Evaluation of integrated weed management techniques and their nuances in Virginia crop production
Beam, Shawn Christopher
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Herbicide resistant weeds are driving implementation of integrated weed management (IWM). A new tactic to manage weeds is harvest weed seed control (HWSC), which targets weed seeds retained on the plant at crop harvest and either destroys, removes, or concentrates them. Research is limited on the effectiveness of HWSC in US cropping systems. For HWSC to be effective it is important to know when and how many seed are shed from a weed species in relation to crop harvest. Research was conducted to quantify when weed seed are shattered from 6 economically important weed species, four broadleaf (redroot pigweed, common ragweed, common lambsquarters, and common cocklebur) and two grass species (large crabgrass and giant foxtail). Results indicate that among summer annuals, broadleaf species retain larger proportions of their seed compared to grass species at the first opportunity for soybean harvest. As harvest was delayed, more seeds shattered from all species evaluated, indicating timely harvest is critical to maximizing HWSC effectiveness. Studies were conducted on grower fields in Virginia to evaluate the effectiveness of HWSC (field residue and weed seed removal). Results indicate that HWSC can significantly reduce populations of Italian ryegrass in wheat and common ragweed in soybean in the next growing season, but reductions were not observed for Palmer amaranth in soybean. Investigating IWM system for common ragweed control in soybean, HWSC was found to be less effective than soybean planting date (i.e. double cropping after wheat) at reducing common ragweed populations. However, the effectiveness of HWSC varied by location. If HWSC adoption were to become widespread, weeds could adapt by shedding seed earlier in the season. Research was conducted by growing Palmer amaranth populations from across the eastern US in a common garden. Currently there are differences in flowering time and seed shatter among Palmer amaranth populations based on the location of the maternal population, indicating potential for adaptation. This research demonstrates that HWSC is a viable option for weed management in US cropping systems but needs to be stewarded like any other weed management tool.
General Audience Abstract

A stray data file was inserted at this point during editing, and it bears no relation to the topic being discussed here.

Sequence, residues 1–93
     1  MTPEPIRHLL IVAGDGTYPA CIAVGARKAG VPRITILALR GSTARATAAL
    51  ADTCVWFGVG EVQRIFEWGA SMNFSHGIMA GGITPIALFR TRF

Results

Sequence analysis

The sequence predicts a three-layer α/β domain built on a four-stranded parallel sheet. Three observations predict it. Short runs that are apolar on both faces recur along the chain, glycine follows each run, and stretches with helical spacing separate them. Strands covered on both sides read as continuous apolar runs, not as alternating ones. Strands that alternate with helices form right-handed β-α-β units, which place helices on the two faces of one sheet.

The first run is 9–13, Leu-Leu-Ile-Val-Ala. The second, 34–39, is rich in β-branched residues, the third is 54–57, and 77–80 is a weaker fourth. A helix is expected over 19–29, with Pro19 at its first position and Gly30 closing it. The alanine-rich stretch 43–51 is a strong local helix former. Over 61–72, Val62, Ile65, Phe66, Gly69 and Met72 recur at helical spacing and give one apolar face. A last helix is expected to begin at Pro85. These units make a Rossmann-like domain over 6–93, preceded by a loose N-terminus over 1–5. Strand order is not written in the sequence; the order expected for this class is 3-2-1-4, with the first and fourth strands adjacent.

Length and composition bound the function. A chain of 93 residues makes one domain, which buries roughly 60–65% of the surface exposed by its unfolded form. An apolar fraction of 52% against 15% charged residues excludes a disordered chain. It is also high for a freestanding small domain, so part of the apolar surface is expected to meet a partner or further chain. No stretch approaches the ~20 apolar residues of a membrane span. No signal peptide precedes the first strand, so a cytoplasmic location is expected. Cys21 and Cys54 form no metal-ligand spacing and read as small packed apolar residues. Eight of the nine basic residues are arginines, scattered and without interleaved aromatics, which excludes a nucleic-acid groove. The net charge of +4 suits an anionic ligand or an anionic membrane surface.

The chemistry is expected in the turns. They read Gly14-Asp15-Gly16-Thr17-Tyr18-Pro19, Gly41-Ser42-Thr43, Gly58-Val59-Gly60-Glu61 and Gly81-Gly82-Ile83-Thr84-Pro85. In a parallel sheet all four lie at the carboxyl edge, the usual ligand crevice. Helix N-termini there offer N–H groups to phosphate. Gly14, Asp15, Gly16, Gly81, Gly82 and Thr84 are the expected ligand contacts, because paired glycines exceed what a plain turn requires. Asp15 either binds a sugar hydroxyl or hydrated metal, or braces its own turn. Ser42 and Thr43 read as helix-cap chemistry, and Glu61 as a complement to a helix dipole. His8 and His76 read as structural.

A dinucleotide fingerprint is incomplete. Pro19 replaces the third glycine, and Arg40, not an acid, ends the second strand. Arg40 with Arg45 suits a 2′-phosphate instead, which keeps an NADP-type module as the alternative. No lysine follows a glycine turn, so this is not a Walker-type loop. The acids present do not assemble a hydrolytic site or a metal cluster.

Herbicide resistance in weeds is a growing problem in the US and around the world. Alternative methods of weed control must be adopted to maintain crop yields in the presence of herbicide-resistant weeds. Researchers and extension specialists strongly advise growers to adopt an integrated weed management (IWM) approach. Integrated weed management involves implementing multiple weed control tactics during a growing season. By using multiple methods of weed control within a given season the chances of weeds becoming resistant or adapting to any single tactic is reduced. Harvest weed seed control (HWSC) is a new tactic developed in Australia in response to herbicide resistance. HWSC targets weed seeds retained on the plant at crop harvest. In a normal crop harvest, the combine removes the grain and spreads crop residues (leaves, stalks, and other plant parts), including weed seeds, back across the field. When HWSC is implemented, weed seeds are destroyed (narrow windrow burning, cage mills) or concentrated and potentially removed from the field (chaff carts, direct bale, chaff lining). Thus, HWSC limits the number of weed seeds returned to the soil seed bank. There is limited research on HWSC and its integration with other tactics, in US cropping systems. For HWSC to be effective it is necessary for weed seeds to be retained on the mother plant in sufficient quantities at crop harvest. Research was conducted in Virginia to determine when weed seeds are shattered during the soybean growing season for 6 economically important weed species, four broadleaf (redroot pigweed, common ragweed, common lambsquarters, and common cocklebur) and two grass species (large crabgrass and giant foxtail). The broadleaf species retained >85% of their seed until the first opportunity for soybean harvest (mid-October). In the grass species, more seed shattered prior to soybean harvest with 50% of large crabgrass and 74% of giant foxtail seed being retained at the first opportunity for soybean harvest. When harvest was delayed seed continued to shatter and less was captured using HWSC. This research indicates broadleaf species are more suitable candidates for HWSC than grass species, among summer annuals. Further research on the ability of seed to germinate in relation to when seeds were shed was conducted on redroot pigweed, common ragweed and common lambsquarters. Results indicate that there are variable effects on germination of these species depending on when they were shed. HWSC was implemented on grower fields to assess the impact on weed populations of 3 weed species (Italian ryegrass, common ragweed, and Palmer amaranth). These experiments compared conventional harvest and HWSC (field residue and weed seed removal) when all other management strategies were the same within that field. Italian ryegrass tiller density in wheat varied by location but was reduced up to 69% in the spring following implementation of HWSC. By wheat harvest, HWSC reduced Italian ryegrass seed head density 67% at one location compared to conventional harvest. In soybean, common ragweed densities were reduced by 22 and 26% prior to field preparation and postemergence herbicide applications, respectively, in the HWSC plots compared to the conventional harvest plots. No differences were observed in common ragweed density by soybean harvest. No differences were observed with Palmer amaranth densities at any point during the soybean growing season. This research show that HWSC can reduce weed populations but is variable and additional research is still needed. IWM experiments were established across Virginia to compare soybean planting date (full season or double cropped), + cover crop (cereal rye/wheat or no cover), and + HWSC (field residue removal) to evaluate the best management strategy for common ragweed in soybean. Across all locations, double cropping soybean behind wheat had the greatest impact on common ragweed densities at the end of the first season. The impact of double cropping soybeans on common ragweed population is due to the emergence pattern of common ragweed; majority of common ragweed emerges prior to planting double cropped soybean (mid-June to early-July). HWSC was variable and only reduced common ragweed density at one of three locations. Widespread adoption of HWSC could place a selection pressure on weeds to shatter seed earlier in the season. A common garden experiment was conducted in Blacksburg, VA to assess Palmer amaranth populations collected from central Florida to southern Pennsylvania for differences in flowering time, time to seed shatter, and other phenotypic traits. Results indicate that latitude of the maternal population influences time to first flower with a 0.53 d reduction in flowering time for every degree north in latitude the maternal population was collected from. The strongest predictor of Palmer amaranth flowering time was emergence date/daylength. For every day emergence was delayed the time to first flower was reduced by 0.31 and 0.24 d for female and male plants, respectively. Time from emergence or first flower to first seed shatter was reduced by 0.48 or 0.17 d, respectively, for each day emergence was delayed. These results indicate that differences exist currently among Palmer amaranth populations and the selection pressure of HWSC could push these populations to flower and shatter seed early.